September 27, 2022By Lance Baily

VHA SimLEARN Program Uses Healthcare Simulation to Improve Veteran Care

As the use and popularity of medical simulation expands across the world, even government agencies are beginning to utilize the practice within their respective departments. Today, this can be said for the Veterans Health Administration (VHA), the largest integrated health care system in the United States. As part of the Office of Healthcare Innovation and Learning, the VHA developed a Simulation Learning, Evaluation, Assessment, and Research Network (SimLEARN) program. This article shares an interview with Eric Bruns, MBA, the executive director of the Simulation Learning, Evaluation, Assessment and Research Network (SimLEARN), discussing the program’s mission and impact.

According to the VHA, the use of innovative technologies in a safe learning environment enhances diagnostic, procedural, and communication skills to support quality care and the best possible outcomes. That is why SimLEARN, which was founded in 2009, remains focused on improving the quality of healthcare services for America’s Veterans through the application of clinical simulation-based learning strategies to clinical workforce development.

Ultimately, the program’s mission is to set the standard for healthcare with reliable, relevant, and data-driven Simulation-based clinical education and tools, robust assessment, and research that add enterprise-wide impact and value. Further, the vision includes being an indispensable asset to the enterprise and its partners, providing world-class services to all Veterans through innovation and medical simulation education. Below is the full interview with Bruns, who is a retired career Army officer with over 25 years of valiant service to the nation where he served as an Air Defense officer responsible for the implementation of warfare simulations programs.

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Interview with SimLEARN Executive Director, Eric Bruns, MBA How did you become involved in healthcare simulation?

Bruns: After serving 20+ years in the U.S. Army, I was fortunate enough to be hired as an Associate Director in the Veterans Health Administration, focusing on VA clinical education. During my time in the Army, worked with, developed, and led combat simulations for various unit levels, gaining an appreciation for the exponential value that simulation adds to education and preparedness.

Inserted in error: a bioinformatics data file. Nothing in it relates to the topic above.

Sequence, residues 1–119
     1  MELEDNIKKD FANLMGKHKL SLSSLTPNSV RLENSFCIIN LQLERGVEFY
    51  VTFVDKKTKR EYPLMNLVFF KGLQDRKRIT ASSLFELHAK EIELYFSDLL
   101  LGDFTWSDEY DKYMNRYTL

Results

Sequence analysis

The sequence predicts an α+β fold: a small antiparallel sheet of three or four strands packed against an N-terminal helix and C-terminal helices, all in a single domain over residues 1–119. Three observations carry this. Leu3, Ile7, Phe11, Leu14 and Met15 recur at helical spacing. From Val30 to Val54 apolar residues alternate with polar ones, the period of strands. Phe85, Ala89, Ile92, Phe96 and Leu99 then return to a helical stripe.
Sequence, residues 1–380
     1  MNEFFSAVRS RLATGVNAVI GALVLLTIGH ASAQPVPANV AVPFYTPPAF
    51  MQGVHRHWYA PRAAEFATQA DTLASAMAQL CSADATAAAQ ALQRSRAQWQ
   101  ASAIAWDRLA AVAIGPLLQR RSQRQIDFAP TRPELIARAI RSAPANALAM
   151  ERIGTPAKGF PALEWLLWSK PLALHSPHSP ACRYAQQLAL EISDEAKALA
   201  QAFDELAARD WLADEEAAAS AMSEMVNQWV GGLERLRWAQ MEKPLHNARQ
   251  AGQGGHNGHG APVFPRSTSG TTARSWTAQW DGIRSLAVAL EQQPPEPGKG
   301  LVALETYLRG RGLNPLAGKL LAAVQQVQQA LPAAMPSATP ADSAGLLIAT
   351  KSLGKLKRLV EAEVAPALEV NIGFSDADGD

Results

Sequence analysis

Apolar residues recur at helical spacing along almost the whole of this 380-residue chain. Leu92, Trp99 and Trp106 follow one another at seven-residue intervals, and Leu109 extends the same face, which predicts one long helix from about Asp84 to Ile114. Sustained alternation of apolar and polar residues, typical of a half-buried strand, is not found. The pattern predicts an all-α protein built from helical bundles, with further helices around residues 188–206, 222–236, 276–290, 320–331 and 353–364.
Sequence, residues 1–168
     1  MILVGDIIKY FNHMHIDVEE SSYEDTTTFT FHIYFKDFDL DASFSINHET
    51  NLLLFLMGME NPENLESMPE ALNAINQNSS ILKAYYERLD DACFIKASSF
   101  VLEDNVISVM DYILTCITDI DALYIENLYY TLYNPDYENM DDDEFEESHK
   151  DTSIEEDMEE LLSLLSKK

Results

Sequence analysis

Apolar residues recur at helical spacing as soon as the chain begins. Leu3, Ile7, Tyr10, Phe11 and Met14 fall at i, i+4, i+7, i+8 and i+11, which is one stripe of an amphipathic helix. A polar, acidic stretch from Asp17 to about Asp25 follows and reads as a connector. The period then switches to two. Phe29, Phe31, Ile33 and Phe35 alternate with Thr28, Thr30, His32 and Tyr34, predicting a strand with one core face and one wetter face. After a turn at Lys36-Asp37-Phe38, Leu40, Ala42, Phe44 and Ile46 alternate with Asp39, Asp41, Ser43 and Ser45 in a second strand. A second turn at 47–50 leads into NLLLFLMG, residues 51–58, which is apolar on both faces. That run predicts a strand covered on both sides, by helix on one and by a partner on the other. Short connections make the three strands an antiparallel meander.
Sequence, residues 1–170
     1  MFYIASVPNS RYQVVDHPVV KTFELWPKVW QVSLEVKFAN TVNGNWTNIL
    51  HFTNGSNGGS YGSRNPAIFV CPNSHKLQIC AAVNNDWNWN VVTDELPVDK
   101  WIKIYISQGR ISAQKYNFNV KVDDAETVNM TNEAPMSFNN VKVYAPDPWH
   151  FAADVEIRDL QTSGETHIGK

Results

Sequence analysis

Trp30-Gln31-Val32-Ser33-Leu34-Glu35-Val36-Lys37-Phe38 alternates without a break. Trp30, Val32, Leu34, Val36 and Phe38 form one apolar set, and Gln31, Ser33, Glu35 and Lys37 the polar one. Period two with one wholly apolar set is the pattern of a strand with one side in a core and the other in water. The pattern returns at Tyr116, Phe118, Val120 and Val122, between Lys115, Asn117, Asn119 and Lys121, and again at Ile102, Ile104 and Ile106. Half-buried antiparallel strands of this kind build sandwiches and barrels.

My background in combat simulations coupled with my work in clinical education created a substantial foundation for working in healthcare simulation in the VA. I moved from being an Associate Director in clinical education to being the Executive director of the Simulation Learning, Evaluation, Assessment, and Research Network, or SimLEARN.

Sponsored Content: How has healthcare simulation come to use in your role at the VA?

Bruns: A massive wave of innovation in healthcare has accompanied emerging health technologies across the country. We have seen changes and new capabilities rolled out each day. At the Simulation Learning, Evaluation, Assessment, and Research Network, or SimLEARN, we utilize advanced, clinical simulation to accelerate the design, development, testing, and education of these emerging technologies, best practices, and innovations in Healthcare.

We employ proactive and reactive outreach and assessment services to improve, replicate and scale Veteran access to healthcare across the entire Veteran’s Healthcare Administration. All in immersive, end-to-end environments. What is the importance of healthcare simulation within the VHA?

Bruns: The proliferation of healthcare simulation-based training in an immersive environment for pilots is a great example of why simulation is important. The aviation field requires that pilots not only simulate flights prior to being licensed but do so in a completely immersive environment, where pilots execute flights in a simulator that stimulates several senses, not only sight and sound.

They are required to do so again and again and again, tens of thousands of flight hours shaping muscle memory and forming habits until all steps, skills, and reactions are second nature. The immersive environment, complete with vibrations, alarms, and resistance is so interactive, so responsive…so real…engaging the pilot so that his or her mind “knows” omitting a step would be a catastrophic mistake leading to loss of life.